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The biggest e-commerce friction points e-tailers must fix

The e-commerce industry has undergone exponential growth in recent years, but it still lags behind retail in more ways than one. And until e-commerce businesses band together and agree to make some changes, the industry will fail to realise its full potential.
Four points of friction e-commerce must smooth over

Compare current online shopping to five years ago and it’s almost unrecognisable. There have been many improvements and developments, but the industry is still far from perfect. Here’s a look at some of the biggest friction points that need to be solved:

1. Poor product interaction

One of the biggest disadvantages of shopping online versus in a store is that customers don’t get to touch and feel the products they’re considering. For some customers, this is a major turnoff and ultimately convinces them to find a retailer that sells the product in a store.

While you’re obviously subject to certain limitations, you can try to overcome this point of friction by providing better images, descriptions, and even product videos. Some e-commerce businesses even go as far as providing a 360-degree view of the product. The more detail you’re able to provide, the fewer questions and hesitations the customers will have.

2. Requiring too much information

Online shoppers aren’t keen on providing more information than they have to. While you definitely want to collect some data from your customers, be wary of overstepping. With each piece of additional information requested (phone number, address, employer, etc.), you risk running the lead off. Only ask for the bare minimum and you’ll see much higher conversion rates.

This issue is closely related to another problem that’s fairly common: requiring customers to register in order to complete a purchase. You should never require a customer to create an account. You can give them the option to do so, but wait to deliver this prompt until after the transaction is complete.

3. Surprise charges at checkout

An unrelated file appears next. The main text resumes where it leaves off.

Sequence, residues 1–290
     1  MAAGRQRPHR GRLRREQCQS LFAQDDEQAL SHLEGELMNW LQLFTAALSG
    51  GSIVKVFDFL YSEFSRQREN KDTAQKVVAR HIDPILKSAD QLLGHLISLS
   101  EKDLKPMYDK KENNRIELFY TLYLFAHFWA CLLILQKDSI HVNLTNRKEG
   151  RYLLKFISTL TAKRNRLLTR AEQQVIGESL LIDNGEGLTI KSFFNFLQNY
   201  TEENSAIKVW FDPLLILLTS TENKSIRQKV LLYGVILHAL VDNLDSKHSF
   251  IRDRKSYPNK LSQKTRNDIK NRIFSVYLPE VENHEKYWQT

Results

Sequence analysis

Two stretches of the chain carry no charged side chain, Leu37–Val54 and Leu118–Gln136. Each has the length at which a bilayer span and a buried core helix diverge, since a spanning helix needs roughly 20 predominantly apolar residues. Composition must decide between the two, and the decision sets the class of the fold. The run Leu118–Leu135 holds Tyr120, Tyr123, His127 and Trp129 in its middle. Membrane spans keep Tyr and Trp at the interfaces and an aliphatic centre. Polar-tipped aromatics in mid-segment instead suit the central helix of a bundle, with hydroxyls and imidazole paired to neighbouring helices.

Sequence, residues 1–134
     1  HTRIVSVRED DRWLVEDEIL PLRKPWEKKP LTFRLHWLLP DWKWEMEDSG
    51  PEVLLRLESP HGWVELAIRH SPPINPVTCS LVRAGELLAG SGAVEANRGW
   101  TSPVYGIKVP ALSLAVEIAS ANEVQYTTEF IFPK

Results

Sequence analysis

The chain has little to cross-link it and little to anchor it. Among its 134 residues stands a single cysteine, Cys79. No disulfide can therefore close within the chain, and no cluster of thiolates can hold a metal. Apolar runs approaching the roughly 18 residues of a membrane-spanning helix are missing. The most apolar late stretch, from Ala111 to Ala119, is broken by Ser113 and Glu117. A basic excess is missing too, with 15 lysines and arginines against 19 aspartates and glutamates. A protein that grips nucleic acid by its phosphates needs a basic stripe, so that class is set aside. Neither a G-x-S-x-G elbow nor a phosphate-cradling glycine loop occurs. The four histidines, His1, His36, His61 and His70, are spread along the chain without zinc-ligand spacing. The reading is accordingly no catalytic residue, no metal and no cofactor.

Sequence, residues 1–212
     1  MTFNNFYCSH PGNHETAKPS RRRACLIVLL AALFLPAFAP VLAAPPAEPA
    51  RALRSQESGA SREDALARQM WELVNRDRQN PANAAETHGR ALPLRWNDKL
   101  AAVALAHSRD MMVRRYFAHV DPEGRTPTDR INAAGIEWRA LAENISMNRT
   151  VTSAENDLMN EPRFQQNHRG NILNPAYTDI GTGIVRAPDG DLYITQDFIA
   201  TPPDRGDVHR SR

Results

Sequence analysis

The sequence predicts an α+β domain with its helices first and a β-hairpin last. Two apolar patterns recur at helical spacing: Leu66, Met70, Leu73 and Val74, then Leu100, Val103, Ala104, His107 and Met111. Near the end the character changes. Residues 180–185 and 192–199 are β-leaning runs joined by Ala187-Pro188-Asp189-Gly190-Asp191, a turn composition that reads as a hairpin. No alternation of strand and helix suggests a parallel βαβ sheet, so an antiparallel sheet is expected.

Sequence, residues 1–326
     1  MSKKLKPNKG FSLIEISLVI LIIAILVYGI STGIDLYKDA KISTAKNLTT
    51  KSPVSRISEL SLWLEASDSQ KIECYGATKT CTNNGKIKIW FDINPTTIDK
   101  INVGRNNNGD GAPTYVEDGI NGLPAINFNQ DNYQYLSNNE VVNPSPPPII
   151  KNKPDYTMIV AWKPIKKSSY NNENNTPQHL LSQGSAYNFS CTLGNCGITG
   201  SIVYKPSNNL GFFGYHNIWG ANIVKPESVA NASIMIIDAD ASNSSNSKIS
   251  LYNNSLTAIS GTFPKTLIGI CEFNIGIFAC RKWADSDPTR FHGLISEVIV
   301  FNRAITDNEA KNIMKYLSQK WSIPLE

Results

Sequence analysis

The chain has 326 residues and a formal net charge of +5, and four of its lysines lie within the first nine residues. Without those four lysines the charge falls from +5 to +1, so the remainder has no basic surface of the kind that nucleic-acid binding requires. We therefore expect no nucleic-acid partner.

How many times have you personally shopped online, put something in your shopping cart, and then been surprised by a bunch of added fees and charges at the final checkout screen? It’s super frustrating, right?

“Most customers prefer to know the total cost of their purchases, including taxes and shipping, up front. Displaying the final purchase amount early in the buying cycle is one way to prevent customers from getting unpleasant, annoying surprises after they enter their credit card information,” High Risk Pay explains in this blog post. “If customers decide these last-minute updates to their purchase prices are too high, they may be frustrated enough to leave your site without completing their purchases.”

4. Limited payment options

“Plenty of consumers, especially those in younger demographics, don’t like using credit cards to complete online shopping purchases. Some worry about security and data breaches. Others may not have credit cards at all,” marketing expert Kali Hawlk explains. “There’s no getting around the kind of friction caused when a customer literally can’t pay you for what they want to purchase.”

The best solution to this problem is to offer multiple forms of payment – including PayPal, Apple Pay, Google Wallet, and possibly even Bitcoin. The more convenient you make things, the better the chance that your customers will be able to complete a purchase.

It’s time to take action

The longer you wait to solve these issues, the more sales you’re going to miss out on. From an e-commerce business owner’s perspective, you should view these points of friction as opportunities. By overcoming them, you can give yourself an advantage over the competition (who is likely still making these same mistakes).

Are you ready to take action?

12 Jun 2017 10:47

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About Boris Dzhingarov

Boris Dzhingarov graduated UNWE with a major in marketing. He is the CEO of ESBO ltd brand mentioning agency. He writes for several online sites such as Tech.co, Semrush.com, Tweakyourbiz.com, Socialnomics.net. Boris is the founder of MonetaryLibrary.com and cryptoext.com.




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